Wednesday, May 31, 2006

Piracy and TV programming

It's a sad day today. The world's largest BitTorrent hub, The Pirate Bay has been closed down by the Swedish police. The high-profile site flagrantly thumbed it's nose at the MPAA and other legal threats, hiding behind lax national laws of the country in which the servers were hosted. Cries of victory are emerging from the hulking media conglomerates and cries of anger arise from the tech-savvy younger generation of users that populated the site.

The question arises again: is hosting torrents illegal? The actual bits and bytes of the shared (and predominantly illegal) content isn't actually on the servers that were confiscated. I point my readers at the following pair of articles on piracy and the effect is is having on the television networks:

Part 1 (How Battlestar Galactica Killed Broadcast TV)
Part 2 (The New Laws of Television)

The articles pose some revolutionary solutions to the "problem" of the large number of television shows floating in the digital mire of the BitTorrent networks. Ideas have formed in my mind, and lacking the large amount of financial backing or political influence to put my ideas into action, I instead post them to the same digital mire of cyberspace in hopes that these ideas may find their ways to someone with the influence and cash to make it reality.

Think for a minute, what companies have the biggest pipes to and from the internet? The ISPs. I'm a Cox broadband subscriber. Now imagine them in the distribution picture. If I woke up tomorrow morning and Cox offered me a service for an additional $10 a month to download unlimited television programming from them, I would jump on it without hesitation. No DRM, commercial-free, and no restrictions on quantity (other than the size of my hard drive). The only catch is that you would have to use their front end which delivers banner ads from the sponsors of the show you want to download, the relevant product placement is where the ISPs could make their money for distribution costs. You use the ISP's massive bandwidth to download via BitTorrent-style transfers and watch on your PC, XBox, or burn them to DVD. Add in a five-second splash screen at the beginning of the program ("This program is sponsored by Nike."), that way it is non-intrusive to the program and is quick enough that you don't need to fast-forward through it, but you'll still see the product ad. The producers of the show get their money from the "Sponsored By" splash, the ISPs cover their costs by front-end ads and the $10 unlimited access fee, and the consumers get their programming.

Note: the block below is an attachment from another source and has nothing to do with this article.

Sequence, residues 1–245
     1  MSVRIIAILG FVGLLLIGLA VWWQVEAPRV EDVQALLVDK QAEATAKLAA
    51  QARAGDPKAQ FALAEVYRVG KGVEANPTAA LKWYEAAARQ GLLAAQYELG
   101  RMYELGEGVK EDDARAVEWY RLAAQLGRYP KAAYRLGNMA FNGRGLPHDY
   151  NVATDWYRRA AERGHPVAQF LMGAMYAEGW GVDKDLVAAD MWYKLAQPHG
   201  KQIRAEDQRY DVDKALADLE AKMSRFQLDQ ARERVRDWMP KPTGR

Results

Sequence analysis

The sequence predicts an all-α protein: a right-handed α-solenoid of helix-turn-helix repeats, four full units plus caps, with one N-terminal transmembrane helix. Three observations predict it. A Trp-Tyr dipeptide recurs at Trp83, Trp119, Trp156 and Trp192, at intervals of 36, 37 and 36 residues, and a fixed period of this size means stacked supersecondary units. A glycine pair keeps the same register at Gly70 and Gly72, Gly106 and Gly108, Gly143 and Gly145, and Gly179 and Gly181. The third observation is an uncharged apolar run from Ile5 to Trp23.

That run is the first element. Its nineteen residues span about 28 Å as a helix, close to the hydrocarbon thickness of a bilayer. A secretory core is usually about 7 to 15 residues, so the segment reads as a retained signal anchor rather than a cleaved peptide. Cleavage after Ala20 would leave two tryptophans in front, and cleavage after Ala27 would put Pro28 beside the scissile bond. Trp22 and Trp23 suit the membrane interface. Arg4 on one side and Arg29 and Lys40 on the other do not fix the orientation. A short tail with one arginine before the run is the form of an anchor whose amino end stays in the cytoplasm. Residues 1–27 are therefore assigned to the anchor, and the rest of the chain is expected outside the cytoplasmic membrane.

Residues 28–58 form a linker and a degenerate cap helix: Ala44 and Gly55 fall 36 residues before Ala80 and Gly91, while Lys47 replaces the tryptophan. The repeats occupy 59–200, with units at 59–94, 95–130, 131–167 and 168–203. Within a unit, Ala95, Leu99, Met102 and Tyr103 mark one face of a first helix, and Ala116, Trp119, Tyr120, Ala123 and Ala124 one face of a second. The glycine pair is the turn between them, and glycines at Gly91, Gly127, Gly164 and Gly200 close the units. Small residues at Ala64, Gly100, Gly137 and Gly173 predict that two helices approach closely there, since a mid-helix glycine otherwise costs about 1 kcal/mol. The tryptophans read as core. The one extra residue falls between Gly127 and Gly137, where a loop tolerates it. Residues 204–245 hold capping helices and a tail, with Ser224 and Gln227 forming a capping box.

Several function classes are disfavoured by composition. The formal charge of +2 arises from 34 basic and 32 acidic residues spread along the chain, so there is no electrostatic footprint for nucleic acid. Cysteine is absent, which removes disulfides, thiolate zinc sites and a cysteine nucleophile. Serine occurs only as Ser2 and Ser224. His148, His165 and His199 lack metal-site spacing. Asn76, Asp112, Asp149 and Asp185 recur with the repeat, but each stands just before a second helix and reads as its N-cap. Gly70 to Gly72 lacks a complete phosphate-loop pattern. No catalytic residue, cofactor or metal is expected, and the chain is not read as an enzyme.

Will your next issue of Rolling Stone come with last week's episode of American Idol on a disc like this?

My second (and probably less-likely-to-succeed idea) is magazines distributed through digital media. Everything is moving towards electronic format--even the big newspapers (New York Times, Wall Street Journal, and our local Arizona Republic) are online in some form of digital format. Video game magazines have boosted sales by including discs of game demos bundled in the magazines, but theft at the stores means you find yourself with a discless magazine. Enter the future, place the entire content of the magazine on the disc as a hyperlinked PDF readable on your PC and include programming content playable on your DVD player. Imagine going to the store and buying the new "issue" of a magazine dedicated to the TV series Lost. You pop the disc in your home theater and watch the three latest episodes. When you're done, move the disc to your PC and read the newest rumors, news, and interviews of the series in the magazine content. The ads can be in the PDF just like the pages of a normal magazine, so no advertising revenue would be lost. Add in the fact that you can do some wicked dynamic content with interactive media and this could be the next revolution in distributed media. Even trimming down the disc to one episode alongside the textual content can cut down the retail price and even allow packaging in the mini-DVD format for ultra-portability!

Regardless of what the future methods of programming holds, like the articles above said, the current methods are quickly being obsolesced and a new method needs to be organized. We are still at risk of falling into the greedy clutches of the industry, much like the iTunes downloads are restricted. Ultimately, the consumer holds the power of choice with our wallets, so hopefully digital programming distribution will avoid the same pitfalls. Let the revolution begin!


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